As for what’s next, the second edition of Oranbeg’s newest publication venture SoSo — described on Oranbeg’s site as “A periodical released every once in a while” — will be released at the Philadelphia Art Book Fair and will feature Alex Thebez, Nat Ward, Everything is Collective, TJ Elias, Hannah Solomon, Lauren Wansker, Sarah Frohn and an essay by Colin Todd. SoSo will also have a companion zine, Gutter, which was sourced through one of Oranbeg’s many open calls. Check Oranbeg’s Tumblr for the most up to date news.
Here’s the full tally of Interleaves artists (current as of 04/17/2015 and bound to change soon):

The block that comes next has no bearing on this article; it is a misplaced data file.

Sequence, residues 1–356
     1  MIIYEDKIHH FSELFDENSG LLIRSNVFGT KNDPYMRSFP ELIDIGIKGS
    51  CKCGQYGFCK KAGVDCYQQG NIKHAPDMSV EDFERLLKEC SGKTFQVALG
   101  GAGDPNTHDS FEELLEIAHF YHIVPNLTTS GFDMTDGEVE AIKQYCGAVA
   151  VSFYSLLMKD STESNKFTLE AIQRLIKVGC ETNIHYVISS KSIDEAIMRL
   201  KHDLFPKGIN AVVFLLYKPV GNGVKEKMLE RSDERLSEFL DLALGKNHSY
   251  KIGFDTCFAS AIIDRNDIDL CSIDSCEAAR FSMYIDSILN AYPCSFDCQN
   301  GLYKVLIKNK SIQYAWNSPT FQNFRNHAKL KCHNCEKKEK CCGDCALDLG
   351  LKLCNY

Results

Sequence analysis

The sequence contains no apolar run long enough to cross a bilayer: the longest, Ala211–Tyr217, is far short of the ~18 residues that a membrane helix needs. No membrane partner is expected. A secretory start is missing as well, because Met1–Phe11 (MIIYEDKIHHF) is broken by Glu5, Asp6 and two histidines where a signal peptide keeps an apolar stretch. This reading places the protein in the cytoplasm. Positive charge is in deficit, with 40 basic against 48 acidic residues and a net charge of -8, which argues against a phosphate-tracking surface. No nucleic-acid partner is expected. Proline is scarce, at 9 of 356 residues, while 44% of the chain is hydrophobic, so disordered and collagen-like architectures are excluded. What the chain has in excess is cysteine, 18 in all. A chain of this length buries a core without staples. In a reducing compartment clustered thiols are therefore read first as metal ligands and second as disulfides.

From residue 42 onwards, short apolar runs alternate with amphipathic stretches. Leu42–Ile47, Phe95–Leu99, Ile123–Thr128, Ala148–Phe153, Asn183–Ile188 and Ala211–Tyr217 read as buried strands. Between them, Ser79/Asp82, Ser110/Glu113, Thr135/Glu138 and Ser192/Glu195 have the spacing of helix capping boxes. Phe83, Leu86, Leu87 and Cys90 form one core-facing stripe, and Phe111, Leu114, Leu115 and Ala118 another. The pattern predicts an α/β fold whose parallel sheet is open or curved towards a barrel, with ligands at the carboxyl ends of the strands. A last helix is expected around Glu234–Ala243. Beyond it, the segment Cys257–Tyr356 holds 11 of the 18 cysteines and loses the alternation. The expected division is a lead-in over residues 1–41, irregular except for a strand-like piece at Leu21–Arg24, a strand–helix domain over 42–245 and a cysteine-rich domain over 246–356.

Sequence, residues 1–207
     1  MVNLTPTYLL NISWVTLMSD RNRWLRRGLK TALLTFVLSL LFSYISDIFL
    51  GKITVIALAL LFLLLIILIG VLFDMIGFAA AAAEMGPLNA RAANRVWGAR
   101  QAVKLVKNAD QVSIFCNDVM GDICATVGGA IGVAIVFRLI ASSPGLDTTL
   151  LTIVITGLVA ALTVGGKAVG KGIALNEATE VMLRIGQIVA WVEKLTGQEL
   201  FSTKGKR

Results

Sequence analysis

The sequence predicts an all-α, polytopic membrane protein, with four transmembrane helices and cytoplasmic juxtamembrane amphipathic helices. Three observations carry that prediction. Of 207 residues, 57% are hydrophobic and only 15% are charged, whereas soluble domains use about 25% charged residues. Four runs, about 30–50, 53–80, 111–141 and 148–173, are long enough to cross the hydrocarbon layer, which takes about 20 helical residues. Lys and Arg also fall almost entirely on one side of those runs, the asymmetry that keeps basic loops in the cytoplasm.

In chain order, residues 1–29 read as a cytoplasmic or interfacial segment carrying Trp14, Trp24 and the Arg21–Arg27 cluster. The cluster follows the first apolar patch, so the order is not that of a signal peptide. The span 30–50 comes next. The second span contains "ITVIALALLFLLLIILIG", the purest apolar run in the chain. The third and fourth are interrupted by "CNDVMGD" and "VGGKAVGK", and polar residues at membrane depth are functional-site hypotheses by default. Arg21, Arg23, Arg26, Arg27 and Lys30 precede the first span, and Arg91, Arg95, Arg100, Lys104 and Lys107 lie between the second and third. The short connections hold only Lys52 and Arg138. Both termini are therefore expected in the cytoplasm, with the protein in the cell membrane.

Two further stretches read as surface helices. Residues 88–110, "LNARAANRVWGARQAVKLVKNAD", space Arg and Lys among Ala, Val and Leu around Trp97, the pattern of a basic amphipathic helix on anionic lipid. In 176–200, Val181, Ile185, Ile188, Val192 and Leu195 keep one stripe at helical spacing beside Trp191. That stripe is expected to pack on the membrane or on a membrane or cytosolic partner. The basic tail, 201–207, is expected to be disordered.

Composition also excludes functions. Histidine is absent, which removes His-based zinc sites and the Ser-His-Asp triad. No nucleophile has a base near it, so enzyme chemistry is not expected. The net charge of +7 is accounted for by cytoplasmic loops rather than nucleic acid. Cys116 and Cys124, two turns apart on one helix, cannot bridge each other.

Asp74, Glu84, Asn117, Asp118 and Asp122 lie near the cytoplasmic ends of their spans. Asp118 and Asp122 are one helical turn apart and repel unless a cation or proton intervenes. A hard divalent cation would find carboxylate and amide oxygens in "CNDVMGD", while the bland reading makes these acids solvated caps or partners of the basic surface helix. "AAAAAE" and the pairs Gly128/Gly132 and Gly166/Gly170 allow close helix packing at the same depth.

Ben Alper, Michael McCraw, Timothy Briner, Colin Todd, Daniel Augschoell, Varvara Mikushkina, Michael Vahrenwald, TJ Elias, Irina Rozovsky, Carlos Lowenstein, Maggie Shannon, Jay Muhlin, Michael Marcelle, Sophie T. Lvoff, Pauline Magnenat, Nat Ward, Ginevra Shay, Dan Boardman, Leigh Van Duzer, Mark Daniel Harley, Meghan Schaetzle, Curran Hatleberg, Tristan Hutchinson, Lynley Bernstein, Mike Finkelstein, Quinn Gorbutt , John M. O’Toole, Joe Lingeman, Josh Poehlein, Patrick Hogan, Matthew Austin, Seth Fluker, Nicole White, Tammy Mercure, Eric Ruby,Carl Gunhouse, Daisuke Yokota, Ben Huff, Aaron Canipe, Nelson Chan, Jake Reinhart, Claudio Nolasco, Tara Wray, Sara Stojkovic, Sara J Winston, David Oresick, David la Spina, Amy Lombard, Andrew Hammerand, Solomon Schechman, Clayton Cotterell, Shane Lyman, Susana Zak, Jeremy Haik, Jesse Hlebo, Coley Brown, Erin Jane Nelson, Andrew Frost, Colin Stearns, Magali Duzant, Jordan Baumgarten, Stephen Hilger, Lindsay Metivier, Jane Tam, Kai McBride, Kim Hoeckele, Ryan Arthurs, Nicole Reber, Caitie Moore, Jesse Untracht-Oakner, Peter Hoffman, Stephanie Powell, Amiko Li, Matthew Mili, Sean Stewart, Joe Leavenworth, Casey Dorobek, Mona Varichon, Matthew Gamber, Melanie Flood, Nathaniel Grann, Skylar Blum, Matthew Cronin, Brittany Marcoux, Jamie Hladkey, Erin O’Keefe, Keith Yahrling, Erik Schubert, Eli Durst, Matthew David Crowther, Vivien Aryoles, Daniel Terna, Zachary Norman, Hirokazu Kobayashi, Jesse Crimes, Brian Ulrich, Annie Solinger, Benjamin Davis, Jenna Garret, Katie Shapiro, Ron Jude, Alex Nelson, Stephanie Bursese, Melissa Cantanese, Mike Slack, Susan Worsham, Dru Donovan, Laura Heyman, Eva O’Leary and Dylan Nelson.